[image of Rogan's Heath]
This is a quiet little hamlet in the hills of one of the more traditional kingdoms, and if Shadow River is the book's heart, Rogan's Heath is the book's soul. The zoom is even tighter and the focus more intimate, peeking into individual households to see what folks are doing when they're not busy harvesting Sour Plums or skating on the frozen pond. I don't just love Bigass Fantasy Cities, I like the pastoral and rural side of fantasy, as well, and that's what Rogan's Heath is all about . . . It's also about the quirky secrets and oddities that small communities often harbor, and a look at what Uresia is like away from the hustle and the bustle. If I lived in Uresia, I'd want to visit Shadow River, then go home to a place like Rogan's Heath.

And Bits and Pieces and Stuff

The book also explores some unusual mysteries and secrets, a bunch of fantasy races, a few creatures, and things like that. If you wander through the book, you'll find demons (both good and evil), wizards (several kinds), beast men (and cat girls, of course), weird humor, sad stories, magic mecha, enchanted caravels full of sex-crazed satyrs, and a pirate king that just happens to be a dragon (complete with eyepatch).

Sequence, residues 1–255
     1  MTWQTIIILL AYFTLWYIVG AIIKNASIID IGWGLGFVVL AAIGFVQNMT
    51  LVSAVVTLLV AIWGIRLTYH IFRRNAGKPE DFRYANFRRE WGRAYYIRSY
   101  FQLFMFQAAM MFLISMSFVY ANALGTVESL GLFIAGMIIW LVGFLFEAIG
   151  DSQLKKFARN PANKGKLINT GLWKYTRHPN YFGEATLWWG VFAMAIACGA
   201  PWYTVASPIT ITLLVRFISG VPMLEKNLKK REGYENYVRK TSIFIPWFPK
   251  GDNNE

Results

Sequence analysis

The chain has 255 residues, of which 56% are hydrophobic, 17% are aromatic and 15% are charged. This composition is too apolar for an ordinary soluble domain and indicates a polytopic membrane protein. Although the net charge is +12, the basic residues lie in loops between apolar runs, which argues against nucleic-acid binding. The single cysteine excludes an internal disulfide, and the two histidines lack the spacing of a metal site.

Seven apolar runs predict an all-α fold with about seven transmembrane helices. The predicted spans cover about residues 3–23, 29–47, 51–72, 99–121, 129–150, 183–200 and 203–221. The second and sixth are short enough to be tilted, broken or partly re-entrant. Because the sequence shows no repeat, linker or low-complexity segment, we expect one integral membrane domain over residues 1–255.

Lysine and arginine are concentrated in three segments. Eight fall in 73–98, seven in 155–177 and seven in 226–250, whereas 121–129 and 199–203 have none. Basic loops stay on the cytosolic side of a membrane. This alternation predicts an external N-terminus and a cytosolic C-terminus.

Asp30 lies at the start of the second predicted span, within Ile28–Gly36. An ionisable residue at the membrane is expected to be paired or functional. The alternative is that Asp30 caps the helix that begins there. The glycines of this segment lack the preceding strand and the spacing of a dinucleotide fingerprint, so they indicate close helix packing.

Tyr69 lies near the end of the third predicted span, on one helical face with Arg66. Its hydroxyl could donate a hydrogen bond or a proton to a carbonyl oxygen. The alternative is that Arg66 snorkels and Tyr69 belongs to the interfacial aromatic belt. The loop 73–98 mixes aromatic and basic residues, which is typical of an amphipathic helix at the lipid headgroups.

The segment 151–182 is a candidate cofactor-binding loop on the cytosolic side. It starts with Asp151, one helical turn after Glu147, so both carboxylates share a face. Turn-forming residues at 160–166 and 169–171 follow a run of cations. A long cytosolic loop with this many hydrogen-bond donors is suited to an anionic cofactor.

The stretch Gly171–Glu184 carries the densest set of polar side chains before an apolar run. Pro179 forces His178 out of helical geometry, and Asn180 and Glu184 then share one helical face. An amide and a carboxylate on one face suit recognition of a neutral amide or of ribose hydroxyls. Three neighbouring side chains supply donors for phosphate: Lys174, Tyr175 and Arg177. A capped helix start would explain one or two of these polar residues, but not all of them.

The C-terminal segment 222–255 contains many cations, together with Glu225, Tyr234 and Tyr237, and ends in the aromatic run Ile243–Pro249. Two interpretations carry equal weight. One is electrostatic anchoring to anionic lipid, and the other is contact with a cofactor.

Uresia is Swords & Sorcery

Uresia isn't what I'd call avant-garde; it makes no attempt to re-define traditional fantasy gaming. Rather, it's a very particular (and at times peculiar) celebration of it. At the surface level, at least, it's very much a world of high-adventure, derring-do, spell-slinging, heroic monster-whacking, and all that fancy stuff. Beneath the surface (even past the dungeons, I mean) it's something more, but that won't interest you much if you don't enjoy what's on the surface! If you like traditional fantasy, though, read on.

Uresia is Anime-Influenced